There, that’s most of it.

But don’t message me saying “HELP! My car won’t start!” I hate that. If I can train my wife and kids, I can train you.



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    Rob very insightful article today give the season and the cold temperatures. A public service as most mechanics today have never seen a car equipped with points and condenser. So your article could be utilized as a learning tool. Also I might add that the early EFI systems from Bendix utilized two fuel pumps (in line and in tank) and that the power source for both pumps was routed through the ECU and as the pumps aged they drew more power which in turn created excess heat in the ECU and would burn out the motherboard which can cause a no start condition (well like no run condition as if the motherboard burnt out while driving the car would stop running right now). Again very insightful article.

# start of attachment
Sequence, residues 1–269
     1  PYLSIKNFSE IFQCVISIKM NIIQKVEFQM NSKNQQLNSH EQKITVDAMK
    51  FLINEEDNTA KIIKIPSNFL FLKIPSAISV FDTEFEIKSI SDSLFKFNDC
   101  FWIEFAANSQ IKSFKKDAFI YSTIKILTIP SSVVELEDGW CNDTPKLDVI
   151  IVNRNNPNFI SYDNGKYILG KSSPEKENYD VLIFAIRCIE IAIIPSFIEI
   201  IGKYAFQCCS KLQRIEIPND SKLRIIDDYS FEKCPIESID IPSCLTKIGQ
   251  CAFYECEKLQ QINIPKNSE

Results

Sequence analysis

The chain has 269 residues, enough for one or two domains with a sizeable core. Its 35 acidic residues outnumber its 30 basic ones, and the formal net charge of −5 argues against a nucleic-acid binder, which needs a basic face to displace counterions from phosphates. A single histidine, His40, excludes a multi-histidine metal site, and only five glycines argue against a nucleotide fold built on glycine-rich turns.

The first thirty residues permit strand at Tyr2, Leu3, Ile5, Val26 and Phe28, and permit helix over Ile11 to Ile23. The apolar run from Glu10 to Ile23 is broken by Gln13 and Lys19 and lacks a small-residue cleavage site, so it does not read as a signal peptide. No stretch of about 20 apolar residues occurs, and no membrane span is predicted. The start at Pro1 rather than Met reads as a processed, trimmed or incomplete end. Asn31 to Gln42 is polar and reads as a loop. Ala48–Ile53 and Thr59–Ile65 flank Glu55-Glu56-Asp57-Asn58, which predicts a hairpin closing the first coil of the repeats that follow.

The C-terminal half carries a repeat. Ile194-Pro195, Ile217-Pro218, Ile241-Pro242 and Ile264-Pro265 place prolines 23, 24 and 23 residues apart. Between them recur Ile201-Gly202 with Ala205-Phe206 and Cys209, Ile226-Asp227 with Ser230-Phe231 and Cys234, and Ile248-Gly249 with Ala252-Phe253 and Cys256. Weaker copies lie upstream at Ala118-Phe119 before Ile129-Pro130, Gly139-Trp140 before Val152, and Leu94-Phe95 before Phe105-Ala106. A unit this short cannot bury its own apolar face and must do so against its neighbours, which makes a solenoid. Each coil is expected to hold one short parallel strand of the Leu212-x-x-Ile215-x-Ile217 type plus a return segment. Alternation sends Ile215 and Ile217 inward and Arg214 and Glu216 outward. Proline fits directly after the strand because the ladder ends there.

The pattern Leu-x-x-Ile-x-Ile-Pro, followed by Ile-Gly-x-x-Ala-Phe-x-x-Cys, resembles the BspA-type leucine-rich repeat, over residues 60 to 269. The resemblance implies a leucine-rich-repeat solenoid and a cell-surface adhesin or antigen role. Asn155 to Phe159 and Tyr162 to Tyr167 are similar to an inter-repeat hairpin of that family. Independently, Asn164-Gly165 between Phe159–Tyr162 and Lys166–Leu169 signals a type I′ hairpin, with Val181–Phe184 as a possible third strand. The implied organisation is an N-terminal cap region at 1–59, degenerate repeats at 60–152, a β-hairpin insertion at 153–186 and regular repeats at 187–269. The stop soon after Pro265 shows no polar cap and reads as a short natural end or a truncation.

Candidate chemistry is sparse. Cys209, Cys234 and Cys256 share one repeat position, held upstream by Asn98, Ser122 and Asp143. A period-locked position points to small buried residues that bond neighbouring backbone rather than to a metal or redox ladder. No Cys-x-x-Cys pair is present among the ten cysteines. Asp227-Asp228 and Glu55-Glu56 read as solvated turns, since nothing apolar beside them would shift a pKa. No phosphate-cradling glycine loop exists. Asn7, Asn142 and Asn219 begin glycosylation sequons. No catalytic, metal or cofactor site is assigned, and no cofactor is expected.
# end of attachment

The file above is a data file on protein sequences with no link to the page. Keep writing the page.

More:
One most common issue with a Starter is it is just bad. It may have warped armature or solenoid that is bad. Often a small rap of a hammer on the side will get it to start and get you home to replace it.

    I worked at a gas station surrounded by bars, We used to get the beer trucks doing a delivery near by often. Hot and cold weather these starters would fail. I would often just help out with a hammer rap and get them on their way.

    I used to get a lot of free beer that way as I do not drink. But it made my buddies happy.

    I wore down my battery on my 84 Mustang as I had something plugged into the “cigarette” lighter and did not drive the car for a few days, went to start “click, click”, duh. All my other cars the electronic power receptacle, to be correct are not powered all the time only when switched to acc or start. Guess they figured most people do not smoke anymore and do not need to light up when the car is turned off unless they are in the backseat in that case use a lighter.